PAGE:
During 2018–19, 23 new consultancy contracts were entered into involving total actual expenditure of $531,152 (inclusive of GST). In addition, 26 ongoing consultancy contracts were active during the period, involving total actual expenditure of $2,207,713 (inclusive of GST).
The department engaged consultants when required for specialist expertise or independent research, review, assessment or creative solutions to assist decision-making. The decision to engage consultants was made in accordance with the PGPA Act and related rules, including the Commonwealth Procurement Rules and relevant departmental policies.
Annual reports contain information about actual expenditure on contracts for consultancies. Information on the value of contracts and consultancies is available on the AusTender website at tenders.gov.au.
|No. of new contracts entered into during the period||23|
|Total actual expenditure during the period on new contracts (inc. GST)||$531,152|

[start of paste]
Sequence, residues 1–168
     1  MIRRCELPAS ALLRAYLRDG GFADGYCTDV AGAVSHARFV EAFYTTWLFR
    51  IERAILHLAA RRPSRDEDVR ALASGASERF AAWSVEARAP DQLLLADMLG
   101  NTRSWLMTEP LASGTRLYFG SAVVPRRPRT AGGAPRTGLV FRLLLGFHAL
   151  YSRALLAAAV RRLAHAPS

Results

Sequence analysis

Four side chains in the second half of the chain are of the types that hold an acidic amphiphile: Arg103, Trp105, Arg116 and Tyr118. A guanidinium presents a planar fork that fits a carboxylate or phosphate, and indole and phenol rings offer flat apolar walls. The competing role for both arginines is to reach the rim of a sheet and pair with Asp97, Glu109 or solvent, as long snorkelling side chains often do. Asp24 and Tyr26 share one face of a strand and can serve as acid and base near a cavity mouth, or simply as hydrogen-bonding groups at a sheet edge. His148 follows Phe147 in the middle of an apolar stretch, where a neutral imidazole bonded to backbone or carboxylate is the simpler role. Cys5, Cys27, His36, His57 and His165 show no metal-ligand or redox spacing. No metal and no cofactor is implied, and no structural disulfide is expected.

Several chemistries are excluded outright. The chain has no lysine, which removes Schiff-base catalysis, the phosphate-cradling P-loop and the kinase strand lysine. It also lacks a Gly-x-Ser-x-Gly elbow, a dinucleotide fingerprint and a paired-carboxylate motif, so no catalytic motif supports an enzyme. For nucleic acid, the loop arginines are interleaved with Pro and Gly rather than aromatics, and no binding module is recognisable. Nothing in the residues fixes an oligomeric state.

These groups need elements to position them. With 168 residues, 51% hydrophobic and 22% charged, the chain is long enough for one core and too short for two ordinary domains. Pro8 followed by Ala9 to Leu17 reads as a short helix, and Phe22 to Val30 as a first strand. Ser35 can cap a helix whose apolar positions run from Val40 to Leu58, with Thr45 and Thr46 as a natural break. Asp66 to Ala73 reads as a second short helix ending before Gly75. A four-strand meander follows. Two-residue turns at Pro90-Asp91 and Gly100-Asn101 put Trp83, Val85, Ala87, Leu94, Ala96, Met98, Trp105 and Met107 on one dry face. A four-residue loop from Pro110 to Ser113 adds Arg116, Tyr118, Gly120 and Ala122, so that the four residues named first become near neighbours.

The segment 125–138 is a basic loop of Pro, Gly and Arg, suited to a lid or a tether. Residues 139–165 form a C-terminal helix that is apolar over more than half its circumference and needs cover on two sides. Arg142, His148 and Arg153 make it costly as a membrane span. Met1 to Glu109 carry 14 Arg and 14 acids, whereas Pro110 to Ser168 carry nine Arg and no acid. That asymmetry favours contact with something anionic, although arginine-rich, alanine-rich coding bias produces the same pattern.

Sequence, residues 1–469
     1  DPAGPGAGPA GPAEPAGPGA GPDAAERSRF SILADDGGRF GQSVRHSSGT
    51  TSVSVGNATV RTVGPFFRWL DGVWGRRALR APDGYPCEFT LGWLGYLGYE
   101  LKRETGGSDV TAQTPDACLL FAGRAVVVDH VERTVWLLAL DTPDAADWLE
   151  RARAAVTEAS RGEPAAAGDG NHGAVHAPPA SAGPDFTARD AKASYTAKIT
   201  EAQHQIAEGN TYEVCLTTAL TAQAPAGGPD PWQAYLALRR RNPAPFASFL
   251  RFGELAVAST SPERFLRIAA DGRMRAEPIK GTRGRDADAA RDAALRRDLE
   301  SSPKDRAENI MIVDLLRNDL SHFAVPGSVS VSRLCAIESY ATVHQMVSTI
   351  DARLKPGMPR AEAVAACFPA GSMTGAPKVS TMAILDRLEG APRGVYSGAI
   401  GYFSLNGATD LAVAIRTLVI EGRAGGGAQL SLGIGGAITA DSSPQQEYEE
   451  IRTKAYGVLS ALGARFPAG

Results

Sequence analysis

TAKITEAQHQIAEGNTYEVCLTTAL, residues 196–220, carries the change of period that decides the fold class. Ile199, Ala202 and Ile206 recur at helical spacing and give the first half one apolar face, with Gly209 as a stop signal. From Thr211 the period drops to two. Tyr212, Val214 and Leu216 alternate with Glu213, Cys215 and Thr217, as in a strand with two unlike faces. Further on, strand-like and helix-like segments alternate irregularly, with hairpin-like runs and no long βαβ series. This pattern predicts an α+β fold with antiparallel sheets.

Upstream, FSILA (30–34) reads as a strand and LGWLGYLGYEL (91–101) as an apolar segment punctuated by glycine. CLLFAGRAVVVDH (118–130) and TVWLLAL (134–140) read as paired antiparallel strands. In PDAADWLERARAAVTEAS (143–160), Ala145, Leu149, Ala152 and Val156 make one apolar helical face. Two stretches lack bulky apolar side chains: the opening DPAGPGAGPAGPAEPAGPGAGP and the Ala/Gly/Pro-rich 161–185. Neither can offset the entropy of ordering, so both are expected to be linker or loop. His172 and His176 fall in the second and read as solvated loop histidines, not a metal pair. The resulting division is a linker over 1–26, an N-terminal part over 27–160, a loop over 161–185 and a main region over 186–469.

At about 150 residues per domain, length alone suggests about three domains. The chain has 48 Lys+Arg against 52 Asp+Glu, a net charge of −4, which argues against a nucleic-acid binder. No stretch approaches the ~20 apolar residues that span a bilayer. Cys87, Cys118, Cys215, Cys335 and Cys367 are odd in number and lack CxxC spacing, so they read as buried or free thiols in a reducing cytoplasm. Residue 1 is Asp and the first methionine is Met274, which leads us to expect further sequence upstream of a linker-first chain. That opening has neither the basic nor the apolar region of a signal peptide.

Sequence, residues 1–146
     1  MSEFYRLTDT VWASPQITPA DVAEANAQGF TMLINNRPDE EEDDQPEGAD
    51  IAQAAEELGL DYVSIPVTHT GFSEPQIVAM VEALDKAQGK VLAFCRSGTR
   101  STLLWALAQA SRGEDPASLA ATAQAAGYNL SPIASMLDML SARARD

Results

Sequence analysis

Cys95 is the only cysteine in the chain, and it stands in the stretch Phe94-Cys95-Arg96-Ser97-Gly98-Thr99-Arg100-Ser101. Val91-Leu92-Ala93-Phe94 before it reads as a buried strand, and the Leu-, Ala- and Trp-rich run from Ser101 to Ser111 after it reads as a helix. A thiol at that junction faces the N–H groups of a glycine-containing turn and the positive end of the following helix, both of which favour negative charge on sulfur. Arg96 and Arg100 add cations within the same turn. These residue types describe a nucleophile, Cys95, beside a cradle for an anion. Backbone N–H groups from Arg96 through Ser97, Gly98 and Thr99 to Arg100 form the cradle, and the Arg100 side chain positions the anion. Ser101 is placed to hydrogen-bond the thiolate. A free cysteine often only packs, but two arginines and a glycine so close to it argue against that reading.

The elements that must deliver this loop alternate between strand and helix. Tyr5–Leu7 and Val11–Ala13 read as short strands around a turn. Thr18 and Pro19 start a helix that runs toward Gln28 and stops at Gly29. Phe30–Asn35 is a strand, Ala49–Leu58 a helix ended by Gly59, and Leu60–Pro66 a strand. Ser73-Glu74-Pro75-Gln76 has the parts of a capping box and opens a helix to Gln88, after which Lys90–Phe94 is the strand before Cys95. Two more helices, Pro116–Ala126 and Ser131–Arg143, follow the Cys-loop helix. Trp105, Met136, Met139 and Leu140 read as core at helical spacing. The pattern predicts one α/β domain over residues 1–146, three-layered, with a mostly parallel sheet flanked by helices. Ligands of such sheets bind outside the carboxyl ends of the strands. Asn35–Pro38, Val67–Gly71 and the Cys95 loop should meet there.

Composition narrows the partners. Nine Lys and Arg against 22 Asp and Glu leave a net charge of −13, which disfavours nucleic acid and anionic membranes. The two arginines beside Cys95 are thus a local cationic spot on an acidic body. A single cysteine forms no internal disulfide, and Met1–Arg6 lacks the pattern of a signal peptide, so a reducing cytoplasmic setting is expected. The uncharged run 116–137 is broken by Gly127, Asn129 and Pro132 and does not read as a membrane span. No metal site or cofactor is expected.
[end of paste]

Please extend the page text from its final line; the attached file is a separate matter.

|No. of ongoing contracts engaging consultants that were entered into during a previous period||26|
|Total actual expenditure during the period on ongoing contracts (inc. GST)||$2,207,713|
Australian National Audit Office access clauses
The department’s standard contract templates include provisions allowing the ANAO to access a contractor’s premises.
There were nine contracts in excess of $10,000 (inclusive of GST), with a value of $54,133,164, exempted from being published in AusTender on the basis that publication would disclose exempt matters under the Freedom of Information Act 1982.
Procurement initiatives to support small business
The department supports small business participation in the Commonwealth Government procurement market. Small and medium enterprises (SME) and small enterprise participation statistics are available on the Department of Finance’s website: finance.gov.au/procurement/statistics-on-commonwealth-purchasingcontracts.
We are committed to ensuring that SMEs can engage in fair competition and demonstrated this through our procurement practices, including use of the Commonwealth contracting templates.